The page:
Tuesday, February 15, 2011
Zoé is sleeping, David is in Florida for the week and I have time to write.
Zoé is exhausted, beat. She had school this morning, then a quick one-hour nap, one full hour of Occupational Therapy, a quick trip home to read a couple books, inhale a snack and run to her bi-weekly speech therapy session.
Last night she had aquatic therapy and it was the first time ever I didn't go into the water with her. I had prepared her for a few days, saying that I wouldn't be able to go with her, and she did great.
I took the opportunity of this 45 minute-reprieve to introduce myself to a wonderfully inspirational mom whom I had noticed the week before.
Her smile told many tales. We shared our kids' diagnoses, since it is always what brings us to these therapy sessions and she told me the tragic story of her little one, who was born healthy, and who at 10 month of age contracted a virus that threw him into a coma with major brain damage. He is now non verbal and is bound to a wheelchair. His mother was truly amazing. She was full of hope for the future, open, candid, brave, and I have to admit I walked out of the pool with a renewed sense of energy, ready to face adversity with an upright chin.
Remember I told myself, focus on what our kids CAN do, not on what they cannot do. She told me her little boy wouldn't be athletic, I told her Zoé would not be a ballet dancer. I have put that book on the shelf, right where it belongs, with neuro-typical kids. Zoé might enjoy African dance where you let your body sway with the rhythmic beats of the African drum, or who knows she might be the next American Idol. Her singing is astounding.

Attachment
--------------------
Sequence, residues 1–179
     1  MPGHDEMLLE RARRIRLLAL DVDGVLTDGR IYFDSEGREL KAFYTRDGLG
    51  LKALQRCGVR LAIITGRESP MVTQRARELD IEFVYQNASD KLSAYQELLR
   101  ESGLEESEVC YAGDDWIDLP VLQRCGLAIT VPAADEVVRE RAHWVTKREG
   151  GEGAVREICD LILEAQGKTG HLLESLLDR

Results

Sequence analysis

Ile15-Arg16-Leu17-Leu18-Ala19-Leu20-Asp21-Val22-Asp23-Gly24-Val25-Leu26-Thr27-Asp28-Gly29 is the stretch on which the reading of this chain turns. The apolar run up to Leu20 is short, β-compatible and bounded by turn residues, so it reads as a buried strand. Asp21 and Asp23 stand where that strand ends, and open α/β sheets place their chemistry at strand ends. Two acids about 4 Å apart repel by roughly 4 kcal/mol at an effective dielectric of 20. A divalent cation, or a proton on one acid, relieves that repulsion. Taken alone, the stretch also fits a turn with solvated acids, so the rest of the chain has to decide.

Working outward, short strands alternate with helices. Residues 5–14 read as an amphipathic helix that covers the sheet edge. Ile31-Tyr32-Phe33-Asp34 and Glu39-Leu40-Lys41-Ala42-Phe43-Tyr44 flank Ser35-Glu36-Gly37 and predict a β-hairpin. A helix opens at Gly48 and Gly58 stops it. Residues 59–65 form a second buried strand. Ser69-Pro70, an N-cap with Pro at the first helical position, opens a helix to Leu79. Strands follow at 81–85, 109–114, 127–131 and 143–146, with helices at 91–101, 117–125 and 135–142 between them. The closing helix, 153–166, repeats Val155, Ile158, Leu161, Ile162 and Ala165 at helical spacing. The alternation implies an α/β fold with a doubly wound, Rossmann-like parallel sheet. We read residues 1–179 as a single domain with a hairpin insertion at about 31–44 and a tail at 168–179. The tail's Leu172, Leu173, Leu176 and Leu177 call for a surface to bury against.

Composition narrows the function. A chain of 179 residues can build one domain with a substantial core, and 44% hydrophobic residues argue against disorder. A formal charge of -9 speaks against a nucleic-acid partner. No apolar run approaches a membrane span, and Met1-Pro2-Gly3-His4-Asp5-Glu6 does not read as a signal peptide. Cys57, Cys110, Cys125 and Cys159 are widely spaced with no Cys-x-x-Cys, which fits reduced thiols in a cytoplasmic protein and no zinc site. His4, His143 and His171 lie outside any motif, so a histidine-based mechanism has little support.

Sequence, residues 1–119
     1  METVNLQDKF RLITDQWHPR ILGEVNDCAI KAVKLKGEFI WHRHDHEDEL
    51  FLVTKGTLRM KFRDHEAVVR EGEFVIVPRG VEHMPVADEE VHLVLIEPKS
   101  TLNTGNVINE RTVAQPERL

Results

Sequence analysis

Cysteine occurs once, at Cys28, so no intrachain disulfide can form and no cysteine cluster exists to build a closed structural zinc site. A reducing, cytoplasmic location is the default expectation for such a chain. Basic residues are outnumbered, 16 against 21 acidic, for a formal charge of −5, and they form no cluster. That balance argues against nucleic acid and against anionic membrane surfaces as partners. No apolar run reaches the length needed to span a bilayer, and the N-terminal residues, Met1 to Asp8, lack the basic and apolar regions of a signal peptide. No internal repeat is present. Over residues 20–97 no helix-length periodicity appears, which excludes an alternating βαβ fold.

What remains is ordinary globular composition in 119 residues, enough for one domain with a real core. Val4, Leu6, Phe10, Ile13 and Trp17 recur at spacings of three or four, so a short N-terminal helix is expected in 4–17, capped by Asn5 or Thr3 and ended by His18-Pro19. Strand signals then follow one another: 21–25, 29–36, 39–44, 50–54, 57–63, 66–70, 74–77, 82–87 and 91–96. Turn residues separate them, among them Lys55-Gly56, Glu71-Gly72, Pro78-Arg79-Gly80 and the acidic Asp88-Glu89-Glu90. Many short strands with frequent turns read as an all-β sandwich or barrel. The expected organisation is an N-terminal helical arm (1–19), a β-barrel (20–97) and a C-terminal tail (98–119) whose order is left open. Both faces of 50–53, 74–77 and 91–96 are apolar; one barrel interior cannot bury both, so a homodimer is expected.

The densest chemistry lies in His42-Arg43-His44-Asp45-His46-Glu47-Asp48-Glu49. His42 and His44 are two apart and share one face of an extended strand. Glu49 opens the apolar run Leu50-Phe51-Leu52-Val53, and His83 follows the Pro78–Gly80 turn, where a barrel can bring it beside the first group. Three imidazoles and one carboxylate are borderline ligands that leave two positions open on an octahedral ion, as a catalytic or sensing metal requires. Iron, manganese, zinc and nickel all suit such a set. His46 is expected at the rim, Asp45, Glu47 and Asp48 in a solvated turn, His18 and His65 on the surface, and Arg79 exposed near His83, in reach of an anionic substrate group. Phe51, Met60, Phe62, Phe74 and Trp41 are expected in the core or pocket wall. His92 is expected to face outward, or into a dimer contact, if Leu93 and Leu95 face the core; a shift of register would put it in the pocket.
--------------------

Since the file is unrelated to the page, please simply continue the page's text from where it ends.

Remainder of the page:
Today, unfortunately she didn't want to let go of me when it was time for her Speech therapy. I had to go in, coax her into performing her sounds: bah, humm, pah, in a toy microphone. It took quite a lot of imagination to have her make her sounds. Zoé has come to a point where she doesn't want to be told what to do, and besides, speech is hard for her. She really has to focus. The brain is sending one message to the mouth and we are asking her to "perform" sounds that are hard for her low muscle tone.
I know that once she matures, she'll have to make a conscious effort to pronounce words and be articulate in front of her peers.
Speaking of which, Zoé has a tendency to be somewhat of a loner. She has difficulty sticking with her peers, enjoying solo activities rather than coming together with her classmates when group activities are required.
I don't know what that means?
Is it because she was a late walker and wants to explore, again and again? Is it because focusing and staying put is too demanding physically? Is it because of the "vibes" she gets from her peers? Is it because she feels "different"?
February 26th, will be the anniversary of the first steps she ever took on her own. We watched the little video I took last year when she walked from the kitchen holding on to the cabinets to a chair that was 6 feet away!
I will never forget that day.
So again many questions, worries and inspirational conversations are what make my daily life what it is.
It makes it so much more special and in the end, will make me a stronger person, ready to tackle the new hurdles on this adventurous journey called MMD.